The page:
Today we begin our research series with a guest post from USA Today bestselling author Patricia McLinn. You may know her as a writer of romance and women’s fiction, but she loves writing on the dark side too, as you’ll see if you read on.
Handcuffed? Patricia McLinn comes clean
I was put in handcuffs back in August.
That was after I made another car spin out in a PIT maneuver. Though the handcuffs weren’t because of spinning out the other car. They were because, Continue reading →
Here at Libertà, we’re about to celebrate our first birthday! Strictly speaking, it’s on 7th December but we did open the website in November 2015 so we’re spending a few weeks researching for our celebration, in the run-up to TheBigDay.
Helped by a host of our writing friends.
Researching just means dusty old books, doesn’t it?
Nope. Our friends will be telling us about researching in a fun way.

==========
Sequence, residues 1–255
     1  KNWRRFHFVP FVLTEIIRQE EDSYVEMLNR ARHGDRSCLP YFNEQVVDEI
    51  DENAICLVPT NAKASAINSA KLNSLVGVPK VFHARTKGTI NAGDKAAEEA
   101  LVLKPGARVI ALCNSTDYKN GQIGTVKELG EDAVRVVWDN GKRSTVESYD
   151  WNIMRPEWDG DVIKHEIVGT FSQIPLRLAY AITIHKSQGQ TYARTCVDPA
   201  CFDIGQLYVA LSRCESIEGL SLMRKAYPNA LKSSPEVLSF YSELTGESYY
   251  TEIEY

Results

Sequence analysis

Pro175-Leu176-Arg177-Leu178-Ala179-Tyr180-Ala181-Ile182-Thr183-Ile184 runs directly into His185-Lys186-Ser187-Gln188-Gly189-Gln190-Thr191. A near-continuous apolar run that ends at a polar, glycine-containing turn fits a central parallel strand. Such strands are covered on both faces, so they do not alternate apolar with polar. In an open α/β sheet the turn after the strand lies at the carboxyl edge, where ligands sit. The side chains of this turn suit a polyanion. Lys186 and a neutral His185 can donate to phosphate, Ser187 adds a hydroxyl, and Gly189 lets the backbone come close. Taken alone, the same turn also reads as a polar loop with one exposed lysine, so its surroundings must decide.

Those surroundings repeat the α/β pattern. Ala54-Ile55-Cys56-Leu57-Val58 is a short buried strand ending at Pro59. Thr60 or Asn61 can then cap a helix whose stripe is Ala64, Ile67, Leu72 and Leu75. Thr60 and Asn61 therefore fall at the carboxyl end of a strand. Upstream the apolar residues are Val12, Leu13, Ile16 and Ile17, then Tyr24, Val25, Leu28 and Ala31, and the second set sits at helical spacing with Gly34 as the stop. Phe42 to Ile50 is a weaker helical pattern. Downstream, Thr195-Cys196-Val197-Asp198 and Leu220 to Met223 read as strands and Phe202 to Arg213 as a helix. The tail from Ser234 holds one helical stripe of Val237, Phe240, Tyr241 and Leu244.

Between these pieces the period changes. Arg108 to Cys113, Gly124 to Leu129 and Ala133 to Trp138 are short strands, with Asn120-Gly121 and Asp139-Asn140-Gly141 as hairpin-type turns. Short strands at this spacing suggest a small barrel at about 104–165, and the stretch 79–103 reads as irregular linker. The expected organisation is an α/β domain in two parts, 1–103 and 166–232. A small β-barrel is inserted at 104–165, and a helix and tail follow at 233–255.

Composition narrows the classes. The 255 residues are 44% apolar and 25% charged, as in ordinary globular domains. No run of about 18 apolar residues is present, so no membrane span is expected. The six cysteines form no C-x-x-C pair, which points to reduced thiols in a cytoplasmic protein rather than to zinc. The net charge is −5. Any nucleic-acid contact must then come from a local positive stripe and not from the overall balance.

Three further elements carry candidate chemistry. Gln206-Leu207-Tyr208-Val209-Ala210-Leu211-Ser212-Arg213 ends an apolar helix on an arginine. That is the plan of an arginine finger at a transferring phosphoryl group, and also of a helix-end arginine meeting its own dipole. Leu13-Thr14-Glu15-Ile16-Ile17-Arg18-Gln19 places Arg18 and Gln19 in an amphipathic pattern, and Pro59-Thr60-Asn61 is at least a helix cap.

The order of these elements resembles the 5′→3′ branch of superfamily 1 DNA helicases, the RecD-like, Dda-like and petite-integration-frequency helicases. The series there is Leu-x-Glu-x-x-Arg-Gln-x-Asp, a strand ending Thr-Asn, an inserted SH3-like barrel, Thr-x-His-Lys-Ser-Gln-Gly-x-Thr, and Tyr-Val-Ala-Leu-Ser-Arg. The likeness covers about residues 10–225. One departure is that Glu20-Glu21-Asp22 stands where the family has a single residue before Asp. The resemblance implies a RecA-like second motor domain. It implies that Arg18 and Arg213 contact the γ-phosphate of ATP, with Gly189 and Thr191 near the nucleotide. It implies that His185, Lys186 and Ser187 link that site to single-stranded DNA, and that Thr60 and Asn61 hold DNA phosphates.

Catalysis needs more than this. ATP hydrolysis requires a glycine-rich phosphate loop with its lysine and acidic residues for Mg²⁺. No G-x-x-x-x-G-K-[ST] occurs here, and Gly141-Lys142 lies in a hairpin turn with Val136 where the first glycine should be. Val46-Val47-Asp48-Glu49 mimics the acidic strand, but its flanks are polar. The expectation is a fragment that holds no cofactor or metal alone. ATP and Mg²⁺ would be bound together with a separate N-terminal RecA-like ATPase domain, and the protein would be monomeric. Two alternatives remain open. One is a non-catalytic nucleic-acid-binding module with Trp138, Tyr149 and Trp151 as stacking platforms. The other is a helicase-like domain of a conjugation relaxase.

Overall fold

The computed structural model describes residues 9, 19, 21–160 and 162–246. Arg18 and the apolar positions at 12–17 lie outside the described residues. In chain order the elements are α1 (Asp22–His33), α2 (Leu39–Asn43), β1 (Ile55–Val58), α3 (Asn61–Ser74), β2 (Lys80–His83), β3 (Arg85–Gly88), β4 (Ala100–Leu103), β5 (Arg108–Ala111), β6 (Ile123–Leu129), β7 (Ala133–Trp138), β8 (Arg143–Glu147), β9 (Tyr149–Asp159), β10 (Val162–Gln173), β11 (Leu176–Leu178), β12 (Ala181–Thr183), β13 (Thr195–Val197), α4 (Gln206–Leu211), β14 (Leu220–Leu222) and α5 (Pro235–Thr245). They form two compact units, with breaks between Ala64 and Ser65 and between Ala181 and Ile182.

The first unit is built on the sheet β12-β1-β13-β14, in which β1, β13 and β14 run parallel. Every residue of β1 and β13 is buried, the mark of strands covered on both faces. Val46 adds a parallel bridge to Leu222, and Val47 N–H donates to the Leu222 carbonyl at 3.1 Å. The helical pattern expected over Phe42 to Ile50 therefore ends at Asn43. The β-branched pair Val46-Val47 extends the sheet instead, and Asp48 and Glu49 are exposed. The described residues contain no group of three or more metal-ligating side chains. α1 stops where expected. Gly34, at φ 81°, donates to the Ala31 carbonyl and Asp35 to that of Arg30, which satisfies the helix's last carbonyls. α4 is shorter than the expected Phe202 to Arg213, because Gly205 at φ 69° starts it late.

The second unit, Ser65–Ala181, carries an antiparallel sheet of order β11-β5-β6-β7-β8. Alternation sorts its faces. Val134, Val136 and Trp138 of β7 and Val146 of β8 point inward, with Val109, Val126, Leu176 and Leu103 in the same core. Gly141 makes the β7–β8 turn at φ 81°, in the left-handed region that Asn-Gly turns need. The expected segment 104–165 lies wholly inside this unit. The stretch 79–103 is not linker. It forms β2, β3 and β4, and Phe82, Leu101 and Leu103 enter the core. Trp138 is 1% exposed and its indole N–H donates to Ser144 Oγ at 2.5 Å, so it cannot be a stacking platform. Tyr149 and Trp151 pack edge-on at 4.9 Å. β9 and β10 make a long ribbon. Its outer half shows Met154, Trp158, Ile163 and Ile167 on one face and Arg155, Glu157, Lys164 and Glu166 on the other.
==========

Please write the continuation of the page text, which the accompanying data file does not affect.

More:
Because their research is fun. Continue reading →
Back in the early 60s, theatrical criticism in Britain threw up its hands and resorted to love letters instead. The cause was Vanessa Redgrave starring in As You Like It, directed by Michael Elliot. She was 24 years old and luminous, with a voice that still pushes all those emotional buttons in the weekly Voice-Over to Call The Midwife.
Bernard Levin, a notoriously astringent theatre critic, wrote “If the word enchantment has any meaning, it is here,” and fell in love with her. Fifty-four years later, Michael Billington was still rhapsodizing about the performance in The Guardian.
The Award-Winning, Five-Star, Chart-Topper Delusion
In spite of his rhapsodies, however, Billington, a professional to his fingertips, couldn’t quite resist calling it “her gold standard Rosalind”. As if there were some sort of industry blueprint.
Amazon, with a star-rating system based on hotel comparator techniques, seems to be doing something similar. So do the bestseller charts. But, as (best seller) Patricia McLinn recently pointed out, sadly they can be manipulated, so they are not statistically reliable.
Sharing a Magical Journey
When someone recommends a book to me, what I remember is how they felt about it, not their measured assessment of the style, theme and content. I certainly don’t care if, after they’ve finished, they’d give the book ten out of ten or a patronising seven and a half for effort.
I want to know what it was like to go through the door into the world of that book.